Multiple smoke detectors a life-or-death necessity
I want to comment on an article I saw in the July 18 Courier. There was a front-page story on fire sprinkler systems that "not only saved lives, but also have averted potentially high-dollar fire losses."
I cannot agree with this more! I read several trade publications each month, and one lists all the major building fires across the country. When there is no fire sprinkler system, the damage is usually in the tens or hundreds of thousands of dollars, and there are often injuries or fatalities. When there is a sprinkler system installed, the damage is almost always confined to one area and is in the thousands of dollars range.
I'm convinced that fire sprinkler systems can save lives and injuries, both to the occupants and to our firefighters. I think they should be mandatory in all buildings. Maybe someday.
So this week I will talk about fire safety tips. The first and most obvious is smoke detectors. Smoke detectors can save your life, not to mention that baseball card collection you're saving for your retirement. In newer homes there will be smoke detectors in all sleeping rooms and hallways, near stairways, etc. The detectors will be interconnected, so if one goes off they will all go off. This is a great feature that I'm sure has saved many lives.
If you live in an older home, you should install numerous smoke detectors. Smoke detectors are inexpensive and easy to install, so there's no excuse not to have plenty of them. Make sure you have one in each sleeping room, in the halls outside each sleeping room, at the top of stairways, and at least one on each level of the home. If a ceiling is higher in one room than in an adjacent room or hall, you should have one in the room with the high ceilings. Frequently there is an open doorway from a living room into a hallway. If the wall over the doorway extends more than 18 inches from the ceiling, you should have a detector on both sides of this doorway. The reason for these locations is the smoke will generally collect near the ceiling first. So if a fire starts in a room with high ceilings, or with a doorway with an 18-inch-high wall over it, the smoke will have to 'fill' the first room before it starts entering the hall or adjacent room. Having an alarm go off before the smoke enters the hallway may give you a chance to save those baseball cards.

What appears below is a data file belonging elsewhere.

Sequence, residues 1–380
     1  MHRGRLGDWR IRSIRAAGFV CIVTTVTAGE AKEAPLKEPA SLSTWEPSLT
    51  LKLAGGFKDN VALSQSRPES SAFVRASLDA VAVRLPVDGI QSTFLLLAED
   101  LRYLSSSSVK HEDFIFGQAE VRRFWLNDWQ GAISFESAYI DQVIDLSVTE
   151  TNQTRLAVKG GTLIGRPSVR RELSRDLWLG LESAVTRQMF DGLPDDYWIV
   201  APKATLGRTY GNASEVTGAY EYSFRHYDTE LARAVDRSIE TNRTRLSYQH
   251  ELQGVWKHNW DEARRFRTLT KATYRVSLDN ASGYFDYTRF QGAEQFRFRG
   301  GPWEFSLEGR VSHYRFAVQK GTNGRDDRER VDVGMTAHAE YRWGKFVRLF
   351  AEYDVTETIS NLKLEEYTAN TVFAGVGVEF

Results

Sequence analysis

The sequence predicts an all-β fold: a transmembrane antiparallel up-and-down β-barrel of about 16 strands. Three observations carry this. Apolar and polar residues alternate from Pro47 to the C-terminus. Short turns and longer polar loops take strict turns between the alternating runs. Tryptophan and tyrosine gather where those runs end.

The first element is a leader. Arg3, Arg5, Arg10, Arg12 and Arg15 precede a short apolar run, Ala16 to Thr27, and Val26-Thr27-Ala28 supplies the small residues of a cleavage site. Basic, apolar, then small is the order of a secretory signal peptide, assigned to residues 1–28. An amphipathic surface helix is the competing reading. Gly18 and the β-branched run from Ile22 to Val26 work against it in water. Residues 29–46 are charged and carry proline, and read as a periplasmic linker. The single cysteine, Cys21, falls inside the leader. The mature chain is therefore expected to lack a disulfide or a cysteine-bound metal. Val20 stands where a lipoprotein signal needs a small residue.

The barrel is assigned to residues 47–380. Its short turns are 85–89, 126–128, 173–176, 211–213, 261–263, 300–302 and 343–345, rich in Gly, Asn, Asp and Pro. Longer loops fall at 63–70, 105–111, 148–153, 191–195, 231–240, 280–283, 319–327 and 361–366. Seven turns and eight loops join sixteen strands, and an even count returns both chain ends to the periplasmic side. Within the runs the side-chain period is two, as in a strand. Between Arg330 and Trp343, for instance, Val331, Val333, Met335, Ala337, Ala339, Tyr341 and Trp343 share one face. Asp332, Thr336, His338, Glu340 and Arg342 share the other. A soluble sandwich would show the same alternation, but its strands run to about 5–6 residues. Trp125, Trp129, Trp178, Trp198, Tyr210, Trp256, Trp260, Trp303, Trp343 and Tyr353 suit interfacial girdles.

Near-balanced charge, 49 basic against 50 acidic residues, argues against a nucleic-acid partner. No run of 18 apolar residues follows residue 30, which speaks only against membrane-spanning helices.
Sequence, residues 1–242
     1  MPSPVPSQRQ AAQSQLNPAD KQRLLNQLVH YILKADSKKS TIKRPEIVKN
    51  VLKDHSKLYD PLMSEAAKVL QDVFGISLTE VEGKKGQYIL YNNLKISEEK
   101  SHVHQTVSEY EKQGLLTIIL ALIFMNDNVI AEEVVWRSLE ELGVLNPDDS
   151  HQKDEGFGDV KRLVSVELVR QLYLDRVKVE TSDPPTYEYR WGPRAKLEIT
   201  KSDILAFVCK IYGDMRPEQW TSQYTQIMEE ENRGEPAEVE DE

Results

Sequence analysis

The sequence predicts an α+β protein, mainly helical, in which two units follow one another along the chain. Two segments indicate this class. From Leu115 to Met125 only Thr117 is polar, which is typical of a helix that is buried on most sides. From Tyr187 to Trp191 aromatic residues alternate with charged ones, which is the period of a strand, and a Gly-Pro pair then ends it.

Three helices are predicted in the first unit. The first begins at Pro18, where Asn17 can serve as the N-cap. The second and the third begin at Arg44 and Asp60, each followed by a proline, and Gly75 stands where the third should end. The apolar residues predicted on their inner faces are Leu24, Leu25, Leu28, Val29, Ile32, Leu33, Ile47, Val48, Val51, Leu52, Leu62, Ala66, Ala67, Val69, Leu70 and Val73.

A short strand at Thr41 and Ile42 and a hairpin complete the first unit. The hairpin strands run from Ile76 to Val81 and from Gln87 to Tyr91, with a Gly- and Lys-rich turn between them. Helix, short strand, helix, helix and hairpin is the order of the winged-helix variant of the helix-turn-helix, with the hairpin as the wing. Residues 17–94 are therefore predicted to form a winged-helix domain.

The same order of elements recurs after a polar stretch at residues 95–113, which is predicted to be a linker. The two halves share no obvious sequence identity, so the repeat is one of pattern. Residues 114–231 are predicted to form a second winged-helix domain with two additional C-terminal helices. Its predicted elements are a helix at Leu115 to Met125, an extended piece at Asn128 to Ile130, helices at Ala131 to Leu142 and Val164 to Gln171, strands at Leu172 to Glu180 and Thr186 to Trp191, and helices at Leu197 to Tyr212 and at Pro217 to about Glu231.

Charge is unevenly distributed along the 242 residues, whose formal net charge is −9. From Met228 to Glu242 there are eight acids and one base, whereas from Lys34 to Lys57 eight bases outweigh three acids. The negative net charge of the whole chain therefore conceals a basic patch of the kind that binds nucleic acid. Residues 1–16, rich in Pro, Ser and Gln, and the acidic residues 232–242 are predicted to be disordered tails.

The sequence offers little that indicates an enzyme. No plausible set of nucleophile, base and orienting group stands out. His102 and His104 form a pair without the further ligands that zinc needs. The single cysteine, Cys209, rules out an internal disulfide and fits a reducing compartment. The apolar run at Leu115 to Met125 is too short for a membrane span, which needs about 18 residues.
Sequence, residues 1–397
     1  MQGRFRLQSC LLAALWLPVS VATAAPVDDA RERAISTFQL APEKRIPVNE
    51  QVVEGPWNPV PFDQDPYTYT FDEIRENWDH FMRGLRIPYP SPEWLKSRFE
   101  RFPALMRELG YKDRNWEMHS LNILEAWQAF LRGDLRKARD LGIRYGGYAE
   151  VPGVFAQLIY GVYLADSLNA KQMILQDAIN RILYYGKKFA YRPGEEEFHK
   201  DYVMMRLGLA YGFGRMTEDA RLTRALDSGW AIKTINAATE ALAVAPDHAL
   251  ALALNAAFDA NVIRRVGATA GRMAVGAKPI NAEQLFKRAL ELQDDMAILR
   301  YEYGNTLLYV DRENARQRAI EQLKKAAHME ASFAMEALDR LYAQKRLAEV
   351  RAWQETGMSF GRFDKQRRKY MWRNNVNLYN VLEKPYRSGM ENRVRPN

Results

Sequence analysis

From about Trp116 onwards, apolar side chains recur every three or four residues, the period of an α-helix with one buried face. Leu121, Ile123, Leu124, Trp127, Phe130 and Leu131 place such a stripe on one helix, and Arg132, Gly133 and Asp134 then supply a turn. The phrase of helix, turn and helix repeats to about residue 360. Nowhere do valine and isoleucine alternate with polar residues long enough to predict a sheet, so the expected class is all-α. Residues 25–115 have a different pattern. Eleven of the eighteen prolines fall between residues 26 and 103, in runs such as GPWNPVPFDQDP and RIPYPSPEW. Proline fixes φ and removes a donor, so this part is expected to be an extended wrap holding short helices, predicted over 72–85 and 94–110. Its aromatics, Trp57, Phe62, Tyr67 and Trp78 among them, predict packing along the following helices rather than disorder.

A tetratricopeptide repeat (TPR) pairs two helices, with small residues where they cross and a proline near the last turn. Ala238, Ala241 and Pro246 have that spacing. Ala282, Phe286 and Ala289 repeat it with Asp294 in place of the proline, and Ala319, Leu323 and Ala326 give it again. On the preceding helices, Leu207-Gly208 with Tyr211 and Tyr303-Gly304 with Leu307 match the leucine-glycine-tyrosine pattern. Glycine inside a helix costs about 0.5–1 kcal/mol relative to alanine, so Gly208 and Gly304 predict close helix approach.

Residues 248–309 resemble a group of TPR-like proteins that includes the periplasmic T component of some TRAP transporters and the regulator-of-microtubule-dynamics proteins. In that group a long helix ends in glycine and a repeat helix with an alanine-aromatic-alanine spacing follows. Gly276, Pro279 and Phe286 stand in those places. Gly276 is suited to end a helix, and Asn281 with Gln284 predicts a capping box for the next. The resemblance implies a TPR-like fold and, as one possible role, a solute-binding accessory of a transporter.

Often if there is a detector near the kitchen, you will get false alarms. We have a detector near the kitchen in my house that my wife calls the dinner bell. These are usually needed and it is not a good idea to disconnect them. There are detectors available for these locations that sense heat rather than smoke, which should reduce the false alarms. These detectors are more expensive, but you should only need them where you are getting false alarms with a conventional smoke alarm.
I also recommend installing a detector in the garage and in any area with gas appliances, such as the attic or crawlspace.
Many smoke detectors will 'chirp' once a minute or so to alert you the battery is getting low. If this occurs, do NOT just remove the battery or disconnect the smoke alarm. You will easily forget you did this. Let it chirp until you put a new battery in.
Smoke detectors do have a lifespan. Many manufacturers and fire departments recommend replacing smoke detectors every 10 years. As I already noted, detectors are relatively inexpensive, so this is a good investment.
Frequently I see dual cylinder deadbolts. These are the deadbolts that require a key to unlock them from the interior. I see these on entry doors occasionally, but more often on security doors. Fire departments really frown on these because they can hinder getting out of the home in an emergency. I frequently hear owners say they have these because there is a window next to the door and someone could break the window, reach in and unlock the door. I'm just a simple home inspector, but it seems to me that if someone is willing to break glass, they will find a way in.
All sleeping rooms are required to have an alternative exit. These are usually egress windows with certain size and location requirements. Egress window openings have to be at least 20 inches wide and 24 inches high. These numbers were not chosen at random - this is the smallest opening that a fireman with a helmet and oxygen tank can fit through. Bedroom egress windows should not be more than 44 inches off the interior floor, and must open to the exterior of the home (not into a porch or patio). Note that only one egress window is required in a bedroom. If a bedroom has a door to the exterior, no egress window is required.
A bedroom egress window should not be restricted in any way. Security bars are not allowed unless they can be easily opened from the interior. I think they're a bad idea even with this feature because they can restrict entry by emergency personnel.
I've heard this for years and it sounds kind of corny, but your family should make and discuss a fire escape plan, including agreeing where to meet. You may want to meet in the street, at a neighbor's porch, etc. This way you can be sure that everyone is out of the home. You can even assign different 'duties' to everyone. For instance, Mom can collect the pets while Dad saves the baseball cards.
Randy West owns Professional Building Consultants in Prescott. He is a state-certified home inspector and has performed almost 5,000 home inspections in the Prescott area. West is president of the Arizona Chapter of the American Society of Home Inspectors and currently serves on the Home Inspector Rules and Standards Committee for the Arizona Board of Technical Registration. Contact him at email@example.com.